Unicoi Outfitters is north Georgia's premier guide service and fly fishing outfitter, located on the Chattahoochee River near alpine Helen. Look for fishing reports, gear and book reviews, and general musings here from our staff and guides.

Friday, January 26, 2024

Unicoi Outfitters Fishing Report - 1/26/24

Welcome to a warm, soggy, and spongy northeast Georgia. Yesterday’s 3.5-4 inches of rain had our streams rocking. We could have roll-cast off the shop porch yesterday afternoon!

Headwater flows have already dropped to fishable levels today for careful waders, while rivers are still flooded  out. 

Another inch or two of rain is expected late tomorrow, so your weekend trouting window is very narrow. The good news is that a) fall’s droughty watersheds are recharging nicely and b) some nice weather is due next week.

Your better bet is flat water. Try some small lakes and big reservoirs. While we have no recent reports, bass and crappie should move into the muddy, warmer shallows.  For more  good lake intel, check out Capt Mack Farr’s weekly fishing report. We did and are going today.

Tie some flies, watch some football, and stock up now at your favorite fly shops for your spring trips. I know of a couple in Helen and Clarkesville. And if you can’t make it north this weekend, we’re coming south next weekend. Stop in at booth #436 next Friday, Saturday, or Sunday at the Atlanta Fly Fishing Show in Duluth.

Check out our full weekly report and Wes’ hot fly list at our blog:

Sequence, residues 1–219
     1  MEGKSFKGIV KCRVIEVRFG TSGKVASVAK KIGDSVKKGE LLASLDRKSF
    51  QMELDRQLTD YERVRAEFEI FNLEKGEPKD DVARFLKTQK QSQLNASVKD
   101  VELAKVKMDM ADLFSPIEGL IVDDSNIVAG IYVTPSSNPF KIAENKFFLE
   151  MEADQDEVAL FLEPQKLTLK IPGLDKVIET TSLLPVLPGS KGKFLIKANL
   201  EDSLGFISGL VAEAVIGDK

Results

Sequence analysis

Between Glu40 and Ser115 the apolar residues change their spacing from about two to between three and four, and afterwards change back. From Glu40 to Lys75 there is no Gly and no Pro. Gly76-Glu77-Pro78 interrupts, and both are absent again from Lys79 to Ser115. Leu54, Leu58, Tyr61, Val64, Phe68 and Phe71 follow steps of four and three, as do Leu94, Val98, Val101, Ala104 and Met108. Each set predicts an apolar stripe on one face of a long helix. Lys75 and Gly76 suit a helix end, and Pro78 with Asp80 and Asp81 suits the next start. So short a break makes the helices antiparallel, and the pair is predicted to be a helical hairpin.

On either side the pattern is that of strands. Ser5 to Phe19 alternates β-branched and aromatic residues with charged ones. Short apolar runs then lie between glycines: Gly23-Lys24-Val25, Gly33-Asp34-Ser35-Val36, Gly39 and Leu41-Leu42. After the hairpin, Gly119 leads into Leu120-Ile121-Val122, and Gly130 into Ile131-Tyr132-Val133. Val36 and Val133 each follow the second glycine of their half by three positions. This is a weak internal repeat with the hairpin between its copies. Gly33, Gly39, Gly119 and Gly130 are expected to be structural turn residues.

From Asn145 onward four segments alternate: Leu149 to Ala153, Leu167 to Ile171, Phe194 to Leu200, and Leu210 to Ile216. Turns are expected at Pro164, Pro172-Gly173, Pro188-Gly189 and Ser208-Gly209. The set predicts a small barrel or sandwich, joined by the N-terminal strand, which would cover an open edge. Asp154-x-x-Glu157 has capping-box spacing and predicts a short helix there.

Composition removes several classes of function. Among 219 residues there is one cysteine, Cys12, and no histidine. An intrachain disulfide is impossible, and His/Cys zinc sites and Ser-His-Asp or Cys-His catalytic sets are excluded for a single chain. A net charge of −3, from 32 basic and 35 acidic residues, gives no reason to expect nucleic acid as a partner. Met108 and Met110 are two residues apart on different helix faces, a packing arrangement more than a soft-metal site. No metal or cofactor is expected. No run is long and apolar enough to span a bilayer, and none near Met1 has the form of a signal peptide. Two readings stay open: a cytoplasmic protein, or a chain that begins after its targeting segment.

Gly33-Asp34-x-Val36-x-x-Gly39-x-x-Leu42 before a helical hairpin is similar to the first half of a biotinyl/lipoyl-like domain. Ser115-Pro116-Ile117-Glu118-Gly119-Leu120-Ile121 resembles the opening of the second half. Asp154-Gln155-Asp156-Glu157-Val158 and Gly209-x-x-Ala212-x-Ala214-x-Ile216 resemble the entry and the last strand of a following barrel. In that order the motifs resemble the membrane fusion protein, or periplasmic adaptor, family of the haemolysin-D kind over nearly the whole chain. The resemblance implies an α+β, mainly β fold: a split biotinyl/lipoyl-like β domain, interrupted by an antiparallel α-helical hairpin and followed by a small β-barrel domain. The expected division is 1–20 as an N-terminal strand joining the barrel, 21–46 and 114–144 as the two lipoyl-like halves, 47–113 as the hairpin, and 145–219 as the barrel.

(Link in bio)

Wes’ Hot Fly List:  

Dries:  Gray Elk hair caddis, parachute Adams, BWO, cream midge, Griffith’s gnat, small micro Chubby Chernobyl as headwater dry for your droppers.

Nymphs & Wets: 

Twister egg, RS2, micro flexi girdle bug (black), brown pats rubberlegs, squirminator (during high water), duracell jig, frenchie.

Streamers & warm water:

(Trout) wooly bugger, sparkle minnow, uv polar jig. (bass & stripers) clouser minnow, Cowen’s somethin else, finesse changer.


They were ripping yesterday, but have already dropped this morning to fishable flows for careful waders. Spoilcane ran a nice, warm 49F at 9AM due to a mild night, and had cleared significantly. 

On headwaters, try a dry/long dropper combo down to a #16 tungsten beaded nymph and hi-stick the soft water. Or follow Rodney’s lead, below.  Dukes should fish well tomorrow for reservation holders and lucky “walk-ons” with good raincoats. Match fly size and shade to water clarity.

UO buddy RSquared braved the elements last week:

“It was spitting snow, the wind was howling, the guides on my fly rod were constantly freezing up, the air temp never rose above the mid 20’s, and I had a blast catching wild rainbows somewhere in North Georgia this past Friday. 

Subsurface tandem-rigged nymphs proved to be very successful. For my lead fly, I used a "Pats Rubber Leg." (Girdle Bug) I dropped various nymphs behind it with some success but most of the fish I caught, came from the PRL. Six of the stream-born rainbows I landed were over 8 inches, with the longest being 11". I did not use a strike indicator and all of the takes were very subtle. Managing your slack line and paying close attention to any unusual movement in the leader is essential when the water temperature is low. "Stocked fish are great, big fish are better, but wild fish are the best!!!!"